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For questions generally relating to a structure of competition in which multiple teams face each other in a structured hierarchy to determine the best overall team. Questions must also be tagged with the specific sport in question.

A tournament is a structure of competition in many sports, typically consisting of many games being played between competitors to determine the overall best team or player.

The most common structure for tournaments in team sports is a "single-elimination tree tournament"; participating teams are paired in a predefined manner (often based on a "seed structure" determined by a team's winning record during a season of play, and/or by geographic region), play one "deciding unit of play", and the winner advances to the next tier of the tournament while the loser is eliminated from competition. The "deciding unit of play" may be:

  • A single game, as in the NFL, many association football leagues and most NCAA-sanctioned sports besides FBS American football,
  • A series of 3, 5 or 7 games as in MLB, the NBA and the NHL, or
  • A "match" as defined by the rules of the sport, such as in tennis, volleyball and many martial arts.

Advancing teams play the winner of an "adjacent" pairing from the previous level; levels may be named, for instance the "preliminaries", "quarterfinals" and "semifinals", with each level reducing the number of participating players/teams by half until two teams play in the "finals" to determine the winner of the tournament.

Other formats include:

  • Double-Elimination - Similar to a single-elimination tournament, the winning player or team at each level advances to the next level of the tournament; however, players or teams that lose once compete with other teams that have lost once, often for a "wild card" position in the upper level of the tournament, or for a "consolation prize". A team with two losses is eliminated entirely from the competition.

  • Round Robin - Teams in the tournament are arranged into one or more "groups", and then each team plays all other teams in their group once, win or lose. The player or team with the best overall winning record after all games are played is the winner.

  • Multi-game point total - Used in many "precision" sports such as golf, players or teams participate in a fixed number of games, competing for the best overall point total after the final game is complete. The US PGA uses this format at virtually all of its sanctioned events; players compete in a series of four games, and the lowest overall score wins the tournament. These tournaments may also have multiple levels; for instance the U.S. Open has single-round "qualifiers" held at local golf courses, followed by two-round "sectionals" hosting the 550 players with the best qualifying scores at more difficult USGA-chosen regional courses, where players compete for slots in the main 4-round televised event.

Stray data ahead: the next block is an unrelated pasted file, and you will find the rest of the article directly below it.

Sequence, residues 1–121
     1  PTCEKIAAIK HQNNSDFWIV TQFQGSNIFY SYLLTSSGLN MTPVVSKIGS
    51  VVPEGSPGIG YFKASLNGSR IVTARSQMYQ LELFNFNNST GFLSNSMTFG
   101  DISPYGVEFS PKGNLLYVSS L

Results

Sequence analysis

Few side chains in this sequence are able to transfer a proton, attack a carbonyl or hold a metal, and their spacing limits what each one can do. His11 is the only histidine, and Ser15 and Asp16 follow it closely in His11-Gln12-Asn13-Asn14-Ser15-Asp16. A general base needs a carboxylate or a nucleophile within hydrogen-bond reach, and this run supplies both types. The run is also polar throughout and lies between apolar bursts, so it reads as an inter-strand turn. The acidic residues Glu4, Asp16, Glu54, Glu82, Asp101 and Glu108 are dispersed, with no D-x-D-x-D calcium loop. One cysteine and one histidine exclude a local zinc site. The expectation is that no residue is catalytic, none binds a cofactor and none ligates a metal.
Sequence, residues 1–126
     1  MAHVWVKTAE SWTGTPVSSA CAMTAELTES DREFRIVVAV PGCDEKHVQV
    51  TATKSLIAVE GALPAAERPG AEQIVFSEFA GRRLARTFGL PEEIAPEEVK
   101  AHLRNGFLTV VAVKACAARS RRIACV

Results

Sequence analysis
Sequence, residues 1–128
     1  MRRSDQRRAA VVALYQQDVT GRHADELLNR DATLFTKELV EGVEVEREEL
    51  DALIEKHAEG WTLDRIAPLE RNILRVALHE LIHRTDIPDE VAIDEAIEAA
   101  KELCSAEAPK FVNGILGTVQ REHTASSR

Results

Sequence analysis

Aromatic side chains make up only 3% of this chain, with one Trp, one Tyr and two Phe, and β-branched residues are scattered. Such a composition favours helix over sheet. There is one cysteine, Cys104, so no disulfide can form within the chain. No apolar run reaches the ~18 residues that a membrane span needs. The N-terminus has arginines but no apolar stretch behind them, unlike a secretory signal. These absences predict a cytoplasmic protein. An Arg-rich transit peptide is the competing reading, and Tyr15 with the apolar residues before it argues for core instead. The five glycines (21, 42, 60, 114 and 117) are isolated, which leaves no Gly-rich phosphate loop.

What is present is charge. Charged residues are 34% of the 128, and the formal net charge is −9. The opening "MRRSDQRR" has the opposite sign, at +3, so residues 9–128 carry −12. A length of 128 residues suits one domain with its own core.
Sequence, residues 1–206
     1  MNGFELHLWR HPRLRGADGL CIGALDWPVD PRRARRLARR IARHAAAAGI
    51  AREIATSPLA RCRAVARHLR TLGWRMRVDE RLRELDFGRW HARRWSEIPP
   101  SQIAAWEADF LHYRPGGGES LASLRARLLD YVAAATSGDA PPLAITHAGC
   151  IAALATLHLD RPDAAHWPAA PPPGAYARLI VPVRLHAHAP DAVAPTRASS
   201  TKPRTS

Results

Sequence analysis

Formats may be combined; for instance, the FIFA World Cup association football tournament puts the 32 qualifying teams into 8 groups of 4 teams each; the teams in one group then play each other in a "round robin" format, and the top 2 teams from each group advance to a single-elimination tournament. Most US professional and collegiate sports have a similarly-designed "regular season" during which teams play other teams in the league, most importantly teams in the same "division", "region" or "conference", competing for the best win-loss records which earn them a spot in a single-elimination "playoff" tournament. A notable exception is collegiate Division-1A football, which doesn't have a tournament structure; teams instead compete for votes among the press and coaches, and the teams with the best two rankings among all FBS teams compete for the national championship. This has changed with the 2012 season; the best four teams will now compete in an abbreviated playoff structure.

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